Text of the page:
Remember that the Bible is not the end-all, be-all of the Word of God.
Perhaps lozeerose could make a positive case for why he thinks the Word of God is also found elsewhere. And how that fits in with Mark 7:1-13. And why the Apostle Paul never directed us to this other Word of God, but only to Scr.
I see no problem with Mark 7:1-13. The Pharisees clearly exceeded God’s commandments by adding to the Sacred Tradition of Old Covenant things that were not intended by God. You should be weary of Mark 7:1-13 because those Protestant doctrines that do not originate from the Church (Trinity) are actually traditions of men, e.g., Sola Scriptura, Sola Fide, etc.
The Jews relied plenty on oral tradition and what scripture they had, namely the Septuagint, did not have a defined Canon and in fact had some books that were later deemed by the Church as not inspired. Also, there are not two Words of God just one – one that was transmitted both “by word and by letter.”
Does lozeerose prove that the word of mouth is different in content than the letter mentioned? That the tradition mentioned there is distinct from the Scripture?
I can try…John 21:25, “But there are also many other things which Jesus did; were every one of them to be written, I suppose that the world itself could not contain the books that would be written.” And then there are Mk 16:15; Mt 23:2-3; Acts 20:35 (Paul quotes a saying of Jesus not found in the Gospels); Rom 10:17; 1Cor 11:2, 15:1-2; 2Thess 3:6; 2Tim 1:13, 2:2 and 1Pet 1:25.
Rhology: If you are suggesting that we accept the RCC a priori as the infallible interpreter, please let me know why I should. After all, there’s lots of competition out there for that spot! EOC
lozeerose: You must look at history.
1) How would that help? Do I have any reason to think that lozeerose wouldn’t simply say “you will note that history does not (cannot) contradict Church teachings”?
No other church can trace their lines of succession all the way back to Jesus Himself. That history reveals the Church of the Apostles is the same Catholic Church of today. As convert John Henry Cardinal Newman once said, “To be steeped in history is to cease being Protestant.”
2) Which is how all of these bodies I mentioned operate. Bring up historical teachings that disagree with their modern dogma, and alluvasudden they’re written out, assigned to “just a private theologian” status. Or part of the “Great Apostasy” or something. And it all makes sense – if the modern body is infallible, then history, just like Scripture, says what the modern infallible body says it means. No means of correction is possible.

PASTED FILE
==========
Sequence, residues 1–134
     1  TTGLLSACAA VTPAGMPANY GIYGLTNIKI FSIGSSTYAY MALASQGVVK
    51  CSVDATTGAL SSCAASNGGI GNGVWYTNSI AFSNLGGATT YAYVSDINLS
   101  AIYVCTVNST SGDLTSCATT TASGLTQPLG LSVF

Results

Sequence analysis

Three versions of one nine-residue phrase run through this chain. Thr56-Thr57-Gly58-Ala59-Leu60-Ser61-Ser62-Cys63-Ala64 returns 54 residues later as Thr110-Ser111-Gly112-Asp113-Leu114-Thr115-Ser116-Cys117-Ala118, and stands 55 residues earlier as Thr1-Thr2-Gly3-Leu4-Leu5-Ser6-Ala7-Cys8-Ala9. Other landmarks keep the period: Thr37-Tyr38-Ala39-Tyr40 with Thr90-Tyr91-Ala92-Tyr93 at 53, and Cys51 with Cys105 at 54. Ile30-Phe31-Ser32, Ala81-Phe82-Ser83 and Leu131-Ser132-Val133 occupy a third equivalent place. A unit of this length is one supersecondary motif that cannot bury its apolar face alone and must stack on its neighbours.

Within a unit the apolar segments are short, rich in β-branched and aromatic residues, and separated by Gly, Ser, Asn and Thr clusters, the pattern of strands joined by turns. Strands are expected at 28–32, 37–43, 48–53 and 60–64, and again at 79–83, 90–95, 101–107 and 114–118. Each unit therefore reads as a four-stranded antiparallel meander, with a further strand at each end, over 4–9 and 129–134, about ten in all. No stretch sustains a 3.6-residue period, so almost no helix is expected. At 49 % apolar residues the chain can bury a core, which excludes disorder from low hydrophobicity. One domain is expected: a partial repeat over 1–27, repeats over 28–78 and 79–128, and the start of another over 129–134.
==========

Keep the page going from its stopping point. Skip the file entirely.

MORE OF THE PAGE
By definition the infallible dogmas and teachings of the Church do not require a means for correction because none is required. Truth is truth. Unfortunately, Protestant theology and doctrines are completely fallible and full of holes. Thus, Protestants deny themselves the Fullness of Truth due to the age-old sin of disobedience and denial of His ultimate authority and will – which may differ from your own. What is ironic is that keeping to Protestant doctrines requires them to concede to the fact that the Catholic Church may be correct yet they always rule her out but they themselves do not have any means of self-correction with the exception of fads like the Rapture.
Remember I mentioned above that I pointed out where Irenæus disagreed with lozeerose’s statement, and lozeerose drops him in the trash can – ” I will comment on this by stating that just because St. Irenaues was a Father of the Church, it does not make him or his writings infallible. Saints are not infallible, just holy.”
That’s why it’s intellectually dishonest for someone in lozeerose’s position to tell me to verify RCC’s claims against history.
How so. Just there will always be persons within and without of the Church that will say and act contrary to Church teaching. This does not refute the fact that the Church is the divinely instituted Bride of Christ and the New Israel and has the authority and protection to teach infallibly.